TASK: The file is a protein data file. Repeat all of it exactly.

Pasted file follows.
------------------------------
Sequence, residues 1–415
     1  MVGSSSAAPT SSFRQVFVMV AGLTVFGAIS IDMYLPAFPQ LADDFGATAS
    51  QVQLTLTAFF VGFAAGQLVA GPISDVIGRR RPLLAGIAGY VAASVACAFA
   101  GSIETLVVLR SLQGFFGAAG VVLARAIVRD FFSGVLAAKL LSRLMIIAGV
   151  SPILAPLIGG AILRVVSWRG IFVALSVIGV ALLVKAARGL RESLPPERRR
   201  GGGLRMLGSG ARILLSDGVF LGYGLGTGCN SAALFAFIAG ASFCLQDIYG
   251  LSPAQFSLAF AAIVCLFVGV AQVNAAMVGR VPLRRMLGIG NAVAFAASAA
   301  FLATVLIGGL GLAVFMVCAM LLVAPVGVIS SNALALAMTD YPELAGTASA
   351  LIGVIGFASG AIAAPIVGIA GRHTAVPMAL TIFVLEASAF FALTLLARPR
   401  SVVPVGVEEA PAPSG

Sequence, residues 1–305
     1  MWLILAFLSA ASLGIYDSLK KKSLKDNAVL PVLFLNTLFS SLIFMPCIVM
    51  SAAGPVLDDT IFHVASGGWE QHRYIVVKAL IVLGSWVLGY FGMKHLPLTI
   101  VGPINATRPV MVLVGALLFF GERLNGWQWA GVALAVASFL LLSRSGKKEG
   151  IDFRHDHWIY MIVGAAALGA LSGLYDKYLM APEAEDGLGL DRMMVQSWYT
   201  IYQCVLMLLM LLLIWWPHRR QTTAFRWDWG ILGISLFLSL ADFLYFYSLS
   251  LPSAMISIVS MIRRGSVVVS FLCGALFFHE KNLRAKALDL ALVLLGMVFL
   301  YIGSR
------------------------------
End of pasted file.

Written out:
Sequence, residues 1–415
     1  MVGSSSAAPT SSFRQVFVMV AGLTVFGAIS IDMYLPAFPQ LADDFGATAS
    51  QVQLTLTAFF VGFAAGQLVA GPISDVIGRR RPLLAGIAGY VAASVACAFA
   101  GSIETLVVLR SLQGFFGAAG VVLARAIVRD FFSGVLAAKL LSRLMIIAGV
   151  SPILAPLIGG AILRVVSWRG IFVALSVIGV ALLVKAARGL RESLPPERRR
   201  GGGLRMLGSG ARILLSDGVF LGYGLGTGCN SAALFAFIAG ASFCLQDIYG
   251  LSPAQFSLAF AAIVCLFVGV AQVNAAMVGR VPLRRMLGIG NAVAFAASAA
   301  FLATVLIGGL GLAVFMVCAM LLVAPVGVIS SNALALAMTD YPELAGTASA
   351  LIGVIGFASG AIAAPIVGIA GRHTAVPMAL TIFVLEASAF FALTLLARPR
   401  SVVPVGVEEA PAPSG

Sequence, residues 1–305
     1  MWLILAFLSA ASLGIYDSLK KKSLKDNAVL PVLFLNTLFS SLIFMPCIVM
    51  SAAGPVLDDT IFHVASGGWE QHRYIVVKAL IVLGSWVLGY FGMKHLPLTI
   101  VGPINATRPV MVLVGALLFF GERLNGWQWA GVALAVASFL LLSRSGKKEG
   151  IDFRHDHWIY MIVGAAALGA LSGLYDKYLM APEAEDGLGL DRMMVQSWYT
   201  IYQCVLMLLM LLLIWWPHRR QTTAFRWDWG ILGISLFLSL ADFLYFYSLS
   251  LPSAMISIVS MIRRGSVVVS FLCGALFFHE KNLRAKALDL ALVLLGMVFL
   301  YIGSR